The Infinite Jest Deathmarch, Stage 20

'...the closest Gately'd ever come to Xing a celebrity was the ragingly addicted nursing-student with the head-banging loft, who'd borne an incredible resemblance to the young Dean Martin.'

Begin: Page 896 (“I was going to go back up to see about Stice’s defenestration…”)
End: Page 941 (“Oh shit yes very much.”)

Start Date: 2/19/11
Finish Date: 2/25/11

Note Profile: We’re almost done with the notes at this point, so discontinuing this feature.

The finish line looms. The remaining pages are dwindling, as are the remaining Marchers. I just got a guilty phone call from another dropout, but I’m not holding it against anybody. People have lives. I’m just grateful for the hardy few who have stuck it out. Meanwhile, it’s a rainy day, perfect for reading – to the café!

Cee Lo Green: “The Lady Killer”

For reasons of sheer boredom, I found myself watching the Grammy Awards broadcast this year for the first time in ages, and at times almost enjoying myself. One of those times was when Cee Lo Green performed his big hit accompanied by, and I don’t think I imagined this although it sounds unlikely, Gwyneth Paltrow and a bunch of Muppets. You know the song – the one they coyly referred to on the show as “The Song Otherwise Known as ‘Forget You.’ ”

It was indeed “forget you” that came out of Cee Lo’s mouth, and this didn’t ruin the song entirely, though it did dilute somewhat the frisson of a bouncy, irresistible pop tune called “Fuck You.” Never mind – this is Cee Lo’s moment, he is invincible, and you have to respect him for writing a surefire hit single and giving it lyrics that render it unsuitable for broadcast. The muse was truly with Mr. Green that day; were Willie the Shakes himself still with us, he would be envious of this couplet:

I see you drivin’ ’round town with the girl I love
And I’m like, “Fuck you!”


Carmelo Loves Carmelo

It wouldn't be a bad idea for Melo to take his hat off, because it makes him look silly.

I have a new addition to my sports quote hall of fame: this gem from Carmelo Anthony, congratulating himself for continuing to put up big numbers despite the distraction of trade rumors:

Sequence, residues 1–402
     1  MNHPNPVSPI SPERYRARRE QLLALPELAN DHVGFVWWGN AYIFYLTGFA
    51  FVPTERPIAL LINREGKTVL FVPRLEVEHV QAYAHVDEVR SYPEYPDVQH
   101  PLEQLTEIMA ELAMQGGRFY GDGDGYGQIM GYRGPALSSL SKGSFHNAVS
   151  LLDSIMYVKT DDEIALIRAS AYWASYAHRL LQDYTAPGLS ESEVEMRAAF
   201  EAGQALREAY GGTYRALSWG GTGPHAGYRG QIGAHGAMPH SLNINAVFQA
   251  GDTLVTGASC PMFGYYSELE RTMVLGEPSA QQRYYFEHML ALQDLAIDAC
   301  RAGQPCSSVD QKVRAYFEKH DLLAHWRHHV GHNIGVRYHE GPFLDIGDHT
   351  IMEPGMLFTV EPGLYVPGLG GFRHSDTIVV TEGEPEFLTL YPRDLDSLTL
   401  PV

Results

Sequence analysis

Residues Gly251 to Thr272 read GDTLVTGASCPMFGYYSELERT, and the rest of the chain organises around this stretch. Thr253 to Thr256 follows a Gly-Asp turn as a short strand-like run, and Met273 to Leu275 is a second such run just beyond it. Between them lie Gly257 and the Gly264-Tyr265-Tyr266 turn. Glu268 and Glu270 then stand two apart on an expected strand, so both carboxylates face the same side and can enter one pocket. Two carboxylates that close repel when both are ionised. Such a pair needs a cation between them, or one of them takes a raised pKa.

I take my hat off to myself for dealing with all this stuff that’s going on and still be able to go out there and play at the high level that I can play at. I really don’t think an average person can walk in my shoes. I don’t think that.

The phrase “I take my hat off to myself” is definitely going to make its way into my regular rotation, right alongside J.R. Rider’s immortal “I said I was going to win it and I won it. I have to love myself for that.”

Just for the heck of it, here’s the rest of the top 5:

  • “Vonteego has a lot of confidence, and the Warriors are starting to have a lot of confidence in Vonteego.” (Golden State Warriors rookie Vonteego Cummings, circa 1999, speaking highly of himself. I mean of Vonteego.)
  • “Rickey don’t like it when Rickey can’t find Rickey’s limo.” (Hall of Famer Rickey Henderson, still the record-holder for most third-person-self-references in one sentence.)
  • “I ain’t getting on no time machine.” (ABA player Marvin Barnes, refusing to board a short flight that would cross time zones and thus land before it took off.)

Gorillaz: “Plastic Beach”

I was a huge, huge fan of the first two Gorillaz albums. Like the Clash before him, Damon Albarn (Gorillaz’ musical mastermind, with artist Jamie Hewlett being the visual architect) found a way forward from a stagnant era of rock’n’roll by grafting in bits of all kinds of disparate styles, from hip-hop to Latin and African music to techno. Gorillaz and Demon Days were two of the best products of the first decade of this century, for my money, and with that in mind it’s hard not to call Plastic Beach something of a disappointment. It just doesn’t work the way its predecessors did, for reasons that are hard to pin down.

The Infinite Jest Deathmarch, Stage 19

'He's remembering that he used to pretend to himself that the unviolent and sarcastic accountant Nom (sic) on 'Cheers!' (sic) was Gately's own organic father, straining to hold young Bimmy on his lap...'

Begin: Page 845 (“After Rémy Marathe and Ossowiecke, and Balbalis also, they all reported back negatively for all signs of this veiled performer…”)
End: Page 896 (…without jostling the catheter or I.V.s, or the thick taped tube that went down his mouth to God know where.”)

Start Date: 2/12/11
Finish Date: 2/18/11

Note Profile: 18 notes (344–361), all short

Let me quickly address Matt’s comment on the previous thread: I would be very careful about expecting too much in the way of closure in this book. Based on my experience of two long novels by Thomas Pynchon – DFW’s role model, I think – I already feel way ahead of the game in terms of narrative coherence and leery of anticipating anything in particular from the last 140 pages.

Also, his Hamlet reference is apropos, because I feel like we are witnessing a slow-motion tragedy where Hal is concerned. I think we are meant to believe that Hal could have been “saved” had he been sent to a real AA/NA meeting rather than the festival of patheticness he ended up at; instead he is headed directly for where we found him at the beginning of the book. One can only hope things go well for Gately and Joelle; but isn’t that what I just cautioned against? Damn and blast!